3. Farberware FCP412 12-Cup Percolator (Current low $72.69/all-time low $72.69) - This 1000 watt percolator has a 12-cup capacity. You'll need to clean it out with warm water and soap immediately after each use to protect the pot. It's not necessary to use filters with this percolator, but some find that adding a filter to the basket before each brewing session makes cleanup much easier. This percolator lacks an auto shutoff, but it does have a “Keep Warm" mode that keeps the coffee warm enough without burning it. The coffeemaker comes with a detachable power cord -- an added perk for those who prefer a more portable unit. If you thrive on consistency, you'll love how this percolator maintains a consistent brew speed of one cup per minute.

What Do Slickdealers Prefer?

We asked our readers what coffee makers they prefer and there was no real front-runner, probably because your choice of coffee maker usually depends on who you are as a person and your relationship to coffee. If you drink it purely for the caffeine, don't have the patience for a slow brewing process and can't tell the difference between a high-quality bean and something that was grown in a mass production setting, you probably prefer K-Cup machines. If you're an espresso drinker, Nespresso machines are popular for similar reasons, although you can argue the coffee quality is better. Nespresso capsules rarely go on sale, though, but K-Cup capsule deals can be found quite often. If you take your coffee serious, you probably have a coffee bean grinder and use a French Press or an espresso machine that uses loose coffee grounds as opposed to capsules.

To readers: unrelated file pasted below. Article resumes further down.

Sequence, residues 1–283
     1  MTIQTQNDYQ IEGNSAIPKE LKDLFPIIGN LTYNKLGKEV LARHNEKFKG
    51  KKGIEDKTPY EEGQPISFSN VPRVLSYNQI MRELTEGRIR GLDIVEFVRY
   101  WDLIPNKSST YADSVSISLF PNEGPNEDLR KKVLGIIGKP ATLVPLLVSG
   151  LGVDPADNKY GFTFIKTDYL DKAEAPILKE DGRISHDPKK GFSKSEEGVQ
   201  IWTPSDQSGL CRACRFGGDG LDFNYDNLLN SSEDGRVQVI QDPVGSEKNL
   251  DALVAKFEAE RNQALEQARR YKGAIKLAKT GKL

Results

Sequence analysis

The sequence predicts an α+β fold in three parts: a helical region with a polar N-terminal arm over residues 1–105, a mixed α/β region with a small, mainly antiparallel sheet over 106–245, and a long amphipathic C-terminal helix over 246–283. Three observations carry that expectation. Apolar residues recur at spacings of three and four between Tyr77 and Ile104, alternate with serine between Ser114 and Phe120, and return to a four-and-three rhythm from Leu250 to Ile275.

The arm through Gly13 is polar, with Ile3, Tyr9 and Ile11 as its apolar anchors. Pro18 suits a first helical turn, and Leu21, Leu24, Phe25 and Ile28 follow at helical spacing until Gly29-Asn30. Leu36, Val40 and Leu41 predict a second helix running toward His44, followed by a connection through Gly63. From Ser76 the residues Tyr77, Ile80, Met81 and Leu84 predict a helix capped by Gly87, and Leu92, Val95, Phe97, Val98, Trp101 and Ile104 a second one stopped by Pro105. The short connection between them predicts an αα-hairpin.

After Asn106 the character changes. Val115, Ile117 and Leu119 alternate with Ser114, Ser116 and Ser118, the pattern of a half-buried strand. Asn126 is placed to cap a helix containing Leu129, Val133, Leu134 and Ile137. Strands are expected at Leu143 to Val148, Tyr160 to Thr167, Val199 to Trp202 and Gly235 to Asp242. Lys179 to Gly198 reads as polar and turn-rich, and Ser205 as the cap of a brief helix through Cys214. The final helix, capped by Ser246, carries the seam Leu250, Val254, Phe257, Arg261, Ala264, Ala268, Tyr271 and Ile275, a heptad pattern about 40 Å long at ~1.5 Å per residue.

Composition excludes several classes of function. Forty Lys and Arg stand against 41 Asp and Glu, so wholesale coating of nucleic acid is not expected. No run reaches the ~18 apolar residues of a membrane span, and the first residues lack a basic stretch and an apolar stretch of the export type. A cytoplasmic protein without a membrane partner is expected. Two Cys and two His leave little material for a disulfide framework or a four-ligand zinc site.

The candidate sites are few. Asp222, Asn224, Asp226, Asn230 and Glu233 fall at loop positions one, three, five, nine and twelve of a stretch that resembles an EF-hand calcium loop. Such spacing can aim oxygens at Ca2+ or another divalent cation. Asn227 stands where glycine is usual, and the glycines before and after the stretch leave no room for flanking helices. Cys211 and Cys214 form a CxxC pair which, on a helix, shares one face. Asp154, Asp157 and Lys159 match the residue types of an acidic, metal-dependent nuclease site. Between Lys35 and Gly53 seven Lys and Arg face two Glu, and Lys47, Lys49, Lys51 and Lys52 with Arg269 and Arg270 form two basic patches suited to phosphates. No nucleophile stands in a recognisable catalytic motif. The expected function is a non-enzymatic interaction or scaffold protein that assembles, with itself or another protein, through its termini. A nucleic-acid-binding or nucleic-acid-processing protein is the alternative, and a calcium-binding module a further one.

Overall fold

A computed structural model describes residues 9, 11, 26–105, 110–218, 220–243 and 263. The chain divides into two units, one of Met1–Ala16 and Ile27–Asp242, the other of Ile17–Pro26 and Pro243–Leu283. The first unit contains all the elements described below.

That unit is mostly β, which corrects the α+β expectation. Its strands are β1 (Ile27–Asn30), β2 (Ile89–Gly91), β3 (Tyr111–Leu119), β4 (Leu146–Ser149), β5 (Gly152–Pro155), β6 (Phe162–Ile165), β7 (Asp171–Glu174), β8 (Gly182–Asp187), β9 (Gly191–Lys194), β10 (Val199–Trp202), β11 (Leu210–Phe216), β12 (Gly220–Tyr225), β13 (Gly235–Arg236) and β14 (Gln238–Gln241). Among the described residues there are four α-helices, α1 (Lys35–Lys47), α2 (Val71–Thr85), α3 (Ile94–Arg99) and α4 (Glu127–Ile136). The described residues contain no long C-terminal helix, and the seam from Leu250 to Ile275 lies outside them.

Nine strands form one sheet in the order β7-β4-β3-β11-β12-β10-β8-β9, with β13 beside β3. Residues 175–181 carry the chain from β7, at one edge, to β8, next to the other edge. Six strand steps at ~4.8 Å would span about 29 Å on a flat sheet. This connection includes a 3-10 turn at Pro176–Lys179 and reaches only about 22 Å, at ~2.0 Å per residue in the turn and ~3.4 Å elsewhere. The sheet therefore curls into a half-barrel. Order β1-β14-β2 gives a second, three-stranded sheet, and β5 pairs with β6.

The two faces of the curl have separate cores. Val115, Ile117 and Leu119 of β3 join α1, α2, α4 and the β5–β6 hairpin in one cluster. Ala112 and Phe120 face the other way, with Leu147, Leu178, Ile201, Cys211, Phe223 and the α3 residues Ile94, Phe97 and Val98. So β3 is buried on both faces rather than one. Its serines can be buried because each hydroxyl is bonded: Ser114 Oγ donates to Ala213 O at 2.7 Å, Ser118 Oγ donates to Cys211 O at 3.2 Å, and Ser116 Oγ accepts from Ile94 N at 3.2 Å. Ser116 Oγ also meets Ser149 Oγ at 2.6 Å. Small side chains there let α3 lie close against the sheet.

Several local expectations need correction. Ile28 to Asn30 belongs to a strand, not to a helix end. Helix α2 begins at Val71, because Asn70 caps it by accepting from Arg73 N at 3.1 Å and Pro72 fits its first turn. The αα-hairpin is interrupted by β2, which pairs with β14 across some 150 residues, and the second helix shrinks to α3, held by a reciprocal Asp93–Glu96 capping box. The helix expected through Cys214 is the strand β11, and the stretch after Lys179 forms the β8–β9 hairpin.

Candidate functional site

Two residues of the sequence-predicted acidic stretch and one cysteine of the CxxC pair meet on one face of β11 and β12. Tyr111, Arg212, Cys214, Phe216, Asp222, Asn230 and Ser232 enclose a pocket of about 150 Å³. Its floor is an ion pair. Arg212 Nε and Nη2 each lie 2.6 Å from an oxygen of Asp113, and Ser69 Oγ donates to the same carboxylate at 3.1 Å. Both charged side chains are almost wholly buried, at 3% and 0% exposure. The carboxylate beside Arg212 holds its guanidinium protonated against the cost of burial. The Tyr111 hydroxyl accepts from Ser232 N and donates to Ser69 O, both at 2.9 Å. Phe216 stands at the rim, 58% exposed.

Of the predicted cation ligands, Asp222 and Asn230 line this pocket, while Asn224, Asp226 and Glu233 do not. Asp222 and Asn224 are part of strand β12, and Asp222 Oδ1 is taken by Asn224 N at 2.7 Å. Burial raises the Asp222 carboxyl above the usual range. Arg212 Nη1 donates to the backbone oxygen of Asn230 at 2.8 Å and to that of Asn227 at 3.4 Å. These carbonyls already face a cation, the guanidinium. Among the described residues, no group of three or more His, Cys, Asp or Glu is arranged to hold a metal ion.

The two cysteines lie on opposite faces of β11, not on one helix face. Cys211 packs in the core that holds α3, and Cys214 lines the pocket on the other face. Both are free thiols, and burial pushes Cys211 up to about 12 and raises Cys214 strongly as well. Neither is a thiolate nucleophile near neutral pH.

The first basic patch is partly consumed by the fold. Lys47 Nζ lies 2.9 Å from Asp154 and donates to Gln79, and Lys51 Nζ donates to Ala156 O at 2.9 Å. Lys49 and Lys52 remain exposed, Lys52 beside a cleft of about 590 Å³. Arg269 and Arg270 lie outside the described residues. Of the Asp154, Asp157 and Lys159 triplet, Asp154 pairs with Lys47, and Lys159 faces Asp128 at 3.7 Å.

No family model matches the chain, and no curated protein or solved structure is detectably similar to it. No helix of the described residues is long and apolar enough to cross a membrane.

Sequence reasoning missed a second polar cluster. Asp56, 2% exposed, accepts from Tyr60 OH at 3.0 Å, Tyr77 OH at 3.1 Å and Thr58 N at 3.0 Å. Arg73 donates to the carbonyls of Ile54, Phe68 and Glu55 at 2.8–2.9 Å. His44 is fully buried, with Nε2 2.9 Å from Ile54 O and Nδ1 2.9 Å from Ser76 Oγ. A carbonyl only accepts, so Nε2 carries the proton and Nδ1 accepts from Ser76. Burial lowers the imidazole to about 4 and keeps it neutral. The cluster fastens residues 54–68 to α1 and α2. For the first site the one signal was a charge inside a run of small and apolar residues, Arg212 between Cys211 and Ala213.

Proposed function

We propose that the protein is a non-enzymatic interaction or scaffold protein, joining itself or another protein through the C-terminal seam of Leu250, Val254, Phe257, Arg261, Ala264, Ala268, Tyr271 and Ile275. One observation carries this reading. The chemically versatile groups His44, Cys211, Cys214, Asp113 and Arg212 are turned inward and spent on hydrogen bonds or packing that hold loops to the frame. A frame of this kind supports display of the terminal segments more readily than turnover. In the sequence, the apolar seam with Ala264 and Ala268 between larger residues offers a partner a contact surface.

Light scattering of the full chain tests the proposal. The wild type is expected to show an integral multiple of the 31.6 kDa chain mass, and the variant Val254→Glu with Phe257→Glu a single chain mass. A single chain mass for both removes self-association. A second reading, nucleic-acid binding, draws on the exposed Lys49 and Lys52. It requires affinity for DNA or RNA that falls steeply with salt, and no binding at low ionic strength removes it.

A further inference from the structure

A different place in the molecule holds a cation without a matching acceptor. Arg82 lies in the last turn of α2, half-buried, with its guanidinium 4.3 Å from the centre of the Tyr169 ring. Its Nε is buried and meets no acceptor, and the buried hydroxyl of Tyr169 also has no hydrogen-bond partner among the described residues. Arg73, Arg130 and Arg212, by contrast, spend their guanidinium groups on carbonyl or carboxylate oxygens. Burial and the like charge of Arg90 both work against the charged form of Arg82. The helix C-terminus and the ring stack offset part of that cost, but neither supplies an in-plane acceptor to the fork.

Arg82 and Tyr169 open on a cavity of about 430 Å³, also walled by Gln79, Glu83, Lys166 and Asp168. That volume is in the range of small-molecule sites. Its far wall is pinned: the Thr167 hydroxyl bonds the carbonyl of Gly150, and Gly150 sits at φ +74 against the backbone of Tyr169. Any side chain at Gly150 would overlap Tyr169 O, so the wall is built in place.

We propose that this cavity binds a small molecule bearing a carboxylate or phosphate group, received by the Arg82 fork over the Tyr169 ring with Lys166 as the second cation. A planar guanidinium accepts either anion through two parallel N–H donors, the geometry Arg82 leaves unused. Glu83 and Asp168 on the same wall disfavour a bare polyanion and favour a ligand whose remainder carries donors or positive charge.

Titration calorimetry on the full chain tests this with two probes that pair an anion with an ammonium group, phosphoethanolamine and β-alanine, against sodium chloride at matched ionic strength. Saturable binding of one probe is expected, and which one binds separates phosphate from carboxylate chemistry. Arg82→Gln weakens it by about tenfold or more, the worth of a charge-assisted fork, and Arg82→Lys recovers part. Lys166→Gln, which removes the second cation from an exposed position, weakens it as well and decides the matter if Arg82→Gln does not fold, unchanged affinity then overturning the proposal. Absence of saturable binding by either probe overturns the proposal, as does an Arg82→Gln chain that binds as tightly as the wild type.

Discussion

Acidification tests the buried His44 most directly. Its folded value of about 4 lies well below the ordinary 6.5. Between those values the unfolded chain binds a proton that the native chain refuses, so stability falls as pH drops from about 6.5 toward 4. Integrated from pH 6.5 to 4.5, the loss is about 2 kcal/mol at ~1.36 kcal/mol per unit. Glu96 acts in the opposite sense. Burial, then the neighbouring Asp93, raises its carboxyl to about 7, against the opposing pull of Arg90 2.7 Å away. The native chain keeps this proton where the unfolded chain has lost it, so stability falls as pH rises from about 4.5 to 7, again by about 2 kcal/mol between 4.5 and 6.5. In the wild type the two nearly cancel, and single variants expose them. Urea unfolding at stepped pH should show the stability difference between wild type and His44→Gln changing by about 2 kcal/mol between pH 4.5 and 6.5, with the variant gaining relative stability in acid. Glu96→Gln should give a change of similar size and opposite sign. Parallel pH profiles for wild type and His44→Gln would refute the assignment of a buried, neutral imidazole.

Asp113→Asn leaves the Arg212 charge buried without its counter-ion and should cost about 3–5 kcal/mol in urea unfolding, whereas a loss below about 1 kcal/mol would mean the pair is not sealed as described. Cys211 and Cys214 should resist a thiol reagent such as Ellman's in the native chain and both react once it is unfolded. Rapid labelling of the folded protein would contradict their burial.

As far as past deals on Slickdeals, Nespresso machines are the most sought after by our community, followed by Keurig. K-Cup capsules deals are very common, so definitely set up a deal alert for those if you own a Keurig machine. The most popular deal for a coffee maker was the Keurig K45, which could be found for $68 in late January this year. If you count French Press, this deal from August had 481 up votes, which is understandable. For $10 you might as well get one even if you don't drink coffee. What if you have guests over and they want coffee? It's hard for Slickdealers to turn down 78% off.

See all coffee maker Slickdeals here! See all French press Slickdeals here!

See all espresso machine Slickdeals here! See all K-Cup Slickdeals here!

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About the Author
Kate Halse Contributor

Kate Halse has been freelance writing for several years for companies such as eBay, Radisson Blu, Amazon, and Heavy. While she's written on just about every topic, she particularly enjoys technology and fitness-related pieces.

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Smilie i like it. I like it.
Reply Helpful Comment? 0 0
Last edited by iyer20 May 27, 2015 at 12:18 PM
Smiliei like it. I like it.Smiliei like it. I like it.Smiliei like it. I like it.hugi like it. I like it.
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Last edited by iyer20 May 27, 2015 at 12:19 PM